That was something that I found very interesting and impressive - chiropractic is quite controversial and it gets a lot of bad press. Some people have the idea that it is not at all evidence-based. While there are definitely rogues and crackpots (as in just about any field), they do suck up a lot of the attention and give quite a skewed perspective. The college was very grounded in evidence-based practice, and I felt no conflict at working there as somebody who prioritises that way of thinking in my work. There are a lot of peer reviewed studies being written up, and - at least in Australia - modern chiropractic education, whether in a university or a specialised institution such as the College, is strongly underpinned by science and evidence-based practice. Because we have robust governance in this country when it comes to higher education, any institution or course simply wouldn't be accredited if it were not based on these as a bedrock. Also, I could never have worked there if that were not the case.  


The other lectures I was invited to present at the College were based on some of the training I do in my sexual health role.  


So there was never the feeling of being locked into something by expectations, in that role. It felt like a role that was fresh and pioneering and dynamic, like the College itself.  


I would encourage all librarians to keep an open mind in terms of the sector or subject matter with which they may end up working. I've ended up working in areas I never would have imagined when I were younger, and really enjoyed it and found it fulfilling. I had always envisioned that I'd be going into council-run public libraries - but as it happened, my whole library career has been spent in special libraries. (Although one of them, as mentioned earlier, was open to the public as well, so it was a hybrid of the two: a community library which was centred around particular topics.) I'm really pleased that things worked out that way. I think being prepared to try things you may not necessarily have envisaged is really important for a librarian. This is particularly the case in an era where librarians are increasingly working outside of libraries, or in roles which encompass non-traditional work. Being flexible and open-minded is definitely an asset for any librarian. And if it doesn’t work out, you’re not stuck there – and you will always learn things you can take with you into the future.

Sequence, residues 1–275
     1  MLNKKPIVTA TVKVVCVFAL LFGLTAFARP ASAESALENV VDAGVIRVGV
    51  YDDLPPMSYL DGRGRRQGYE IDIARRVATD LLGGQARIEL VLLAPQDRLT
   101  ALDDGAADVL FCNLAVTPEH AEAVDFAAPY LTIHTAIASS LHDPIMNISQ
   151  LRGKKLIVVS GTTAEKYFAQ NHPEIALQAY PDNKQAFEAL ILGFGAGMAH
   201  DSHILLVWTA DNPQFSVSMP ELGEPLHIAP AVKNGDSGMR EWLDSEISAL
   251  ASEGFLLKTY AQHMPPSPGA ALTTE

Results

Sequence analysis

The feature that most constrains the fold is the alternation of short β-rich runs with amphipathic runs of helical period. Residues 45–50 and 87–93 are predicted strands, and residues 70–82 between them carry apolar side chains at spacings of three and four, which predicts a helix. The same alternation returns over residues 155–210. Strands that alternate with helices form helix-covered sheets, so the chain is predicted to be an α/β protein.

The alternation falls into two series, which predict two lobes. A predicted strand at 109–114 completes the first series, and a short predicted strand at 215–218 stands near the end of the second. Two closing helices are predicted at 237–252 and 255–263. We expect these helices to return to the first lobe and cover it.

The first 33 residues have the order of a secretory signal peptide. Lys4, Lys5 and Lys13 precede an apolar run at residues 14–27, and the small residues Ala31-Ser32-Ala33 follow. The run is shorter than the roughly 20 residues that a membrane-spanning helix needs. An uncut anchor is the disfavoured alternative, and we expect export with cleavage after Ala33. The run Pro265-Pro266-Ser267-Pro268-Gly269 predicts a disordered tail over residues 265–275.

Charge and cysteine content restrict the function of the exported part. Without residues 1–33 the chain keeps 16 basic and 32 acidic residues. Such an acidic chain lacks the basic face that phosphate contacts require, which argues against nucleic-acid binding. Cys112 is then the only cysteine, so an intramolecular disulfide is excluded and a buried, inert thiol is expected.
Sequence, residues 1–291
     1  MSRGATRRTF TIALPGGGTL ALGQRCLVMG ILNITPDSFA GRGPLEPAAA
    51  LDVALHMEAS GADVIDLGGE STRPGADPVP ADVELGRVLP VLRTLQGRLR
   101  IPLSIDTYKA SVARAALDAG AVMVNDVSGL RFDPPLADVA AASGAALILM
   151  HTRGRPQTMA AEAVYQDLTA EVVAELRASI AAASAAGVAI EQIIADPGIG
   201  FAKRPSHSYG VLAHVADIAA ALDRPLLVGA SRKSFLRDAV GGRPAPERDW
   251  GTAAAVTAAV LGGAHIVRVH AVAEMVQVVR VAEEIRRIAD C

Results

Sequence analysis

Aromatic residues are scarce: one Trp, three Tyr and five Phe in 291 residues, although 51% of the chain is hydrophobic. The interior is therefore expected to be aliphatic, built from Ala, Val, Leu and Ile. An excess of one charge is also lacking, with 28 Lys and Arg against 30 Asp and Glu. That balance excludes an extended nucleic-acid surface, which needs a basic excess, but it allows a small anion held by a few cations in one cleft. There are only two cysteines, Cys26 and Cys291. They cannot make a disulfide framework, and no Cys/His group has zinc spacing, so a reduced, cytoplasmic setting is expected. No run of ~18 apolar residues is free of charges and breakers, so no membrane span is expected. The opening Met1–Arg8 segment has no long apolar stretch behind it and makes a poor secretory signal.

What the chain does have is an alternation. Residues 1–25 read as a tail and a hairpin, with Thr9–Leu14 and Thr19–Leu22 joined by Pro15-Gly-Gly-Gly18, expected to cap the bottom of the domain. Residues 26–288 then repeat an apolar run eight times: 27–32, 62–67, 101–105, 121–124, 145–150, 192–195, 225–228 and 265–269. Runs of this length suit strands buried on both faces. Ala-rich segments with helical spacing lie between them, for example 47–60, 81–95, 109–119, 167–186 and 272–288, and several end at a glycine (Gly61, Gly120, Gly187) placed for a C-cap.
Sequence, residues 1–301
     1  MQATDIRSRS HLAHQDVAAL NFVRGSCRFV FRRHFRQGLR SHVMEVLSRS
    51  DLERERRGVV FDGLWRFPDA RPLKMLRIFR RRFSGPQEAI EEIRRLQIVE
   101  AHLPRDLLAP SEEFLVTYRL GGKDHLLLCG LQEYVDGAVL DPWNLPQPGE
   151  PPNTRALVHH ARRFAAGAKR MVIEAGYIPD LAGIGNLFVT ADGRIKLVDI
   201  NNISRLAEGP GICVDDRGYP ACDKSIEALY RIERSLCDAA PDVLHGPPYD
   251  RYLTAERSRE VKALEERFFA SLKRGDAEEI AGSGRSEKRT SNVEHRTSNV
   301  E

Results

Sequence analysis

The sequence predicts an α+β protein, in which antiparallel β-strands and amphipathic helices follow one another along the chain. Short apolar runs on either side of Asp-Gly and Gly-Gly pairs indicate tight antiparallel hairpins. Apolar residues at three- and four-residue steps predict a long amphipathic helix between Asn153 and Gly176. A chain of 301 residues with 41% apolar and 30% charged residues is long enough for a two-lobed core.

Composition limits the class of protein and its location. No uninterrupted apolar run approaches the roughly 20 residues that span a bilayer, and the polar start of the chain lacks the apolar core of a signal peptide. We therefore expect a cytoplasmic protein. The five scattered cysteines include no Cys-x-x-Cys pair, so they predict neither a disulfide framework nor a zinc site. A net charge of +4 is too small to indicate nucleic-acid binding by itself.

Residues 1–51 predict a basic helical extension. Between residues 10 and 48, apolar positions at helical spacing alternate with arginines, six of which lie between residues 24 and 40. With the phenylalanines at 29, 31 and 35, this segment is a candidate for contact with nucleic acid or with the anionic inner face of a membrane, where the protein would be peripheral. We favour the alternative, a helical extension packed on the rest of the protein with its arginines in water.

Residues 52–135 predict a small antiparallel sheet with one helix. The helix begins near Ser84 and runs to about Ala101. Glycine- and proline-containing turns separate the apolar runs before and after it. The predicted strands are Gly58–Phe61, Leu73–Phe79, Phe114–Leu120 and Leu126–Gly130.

Allison Cox: I took over from Janiece as Librarian for the Australian Chiropractic College in June 2022. 


Working at the Chiropractic College is my first role as a health librarian. Prior to this I worked at the University of Adelaide libraries for thirteen years. I worked in various positions there, my last position being an Arts liaison librarian with a focus on education and music. While a lot of work we did was cross-disciplinary, much of my work still focused on the arts so health is quite new for me!  


Coming from a large multi-branch library, I have enjoyed the move to a smaller library. I really enjoy the fact that I do all of the library work myself – from cataloguing and re-shelving books, to helping the students with their assignment work. 


Janiece has done an amazing job setting up the College library and I am enjoying continuing her work. We have recently received some donations with a large amount of historical books and pamphlets relating to Chiropractic which is exciting. One of the most interesting items we have received so far is an LP about chiropractic (my music cataloging background is coming in handy!). 


I am really enjoying this position so far, although there have been some challenges. Shortly after I started the role, the College moved to online learning for a term due to Covid-19. This was difficult as I only had one week to meet the students before they went online for 8 weeks! 


Next year the College is opening a Chiropractic practice which will mean there will be a lot of relocations within the building. For the time being the library will stay where it is, but in the future it will be moved to another floor. As our collection is quickly growing, I am hoping that it will be a space with lots of shelving! Another new project for next year will be our Book Club. This was initiated by one of the students and I am looking forward to working with her. There are no shortages of books written by chiropractors so we are hoping to get some authors in as well.